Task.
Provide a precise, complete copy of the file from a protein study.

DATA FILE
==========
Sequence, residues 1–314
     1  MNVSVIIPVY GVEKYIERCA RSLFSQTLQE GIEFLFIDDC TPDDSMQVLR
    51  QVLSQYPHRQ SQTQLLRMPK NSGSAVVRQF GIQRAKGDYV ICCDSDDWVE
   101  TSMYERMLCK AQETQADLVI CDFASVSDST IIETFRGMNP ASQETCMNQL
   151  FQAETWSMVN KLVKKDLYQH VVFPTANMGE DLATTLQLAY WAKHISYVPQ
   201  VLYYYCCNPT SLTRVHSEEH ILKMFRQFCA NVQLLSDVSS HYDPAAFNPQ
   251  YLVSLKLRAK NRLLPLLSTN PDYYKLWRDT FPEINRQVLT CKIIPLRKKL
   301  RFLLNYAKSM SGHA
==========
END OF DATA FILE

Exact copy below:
Sequence, residues 1–314
     1  MNVSVIIPVY GVEKYIERCA RSLFSQTLQE GIEFLFIDDC TPDDSMQVLR
    51  QVLSQYPHRQ SQTQLLRMPK NSGSAVVRQF GIQRAKGDYV ICCDSDDWVE
   101  TSMYERMLCK AQETQADLVI CDFASVSDST IIETFRGMNP ASQETCMNQL
   151  FQAETWSMVN KLVKKDLYQH VVFPTANMGE DLATTLQLAY WAKHISYVPQ
   201  VLYYYCCNPT SLTRVHSEEH ILKMFRQFCA NVQLLSDVSS HYDPAAFNPQ
   251  YLVSLKLRAK NRLLPLLSTN PDYYKLWRDT FPEINRQVLT CKIIPLRKKL
   301  RFLLNYAKSM SGHA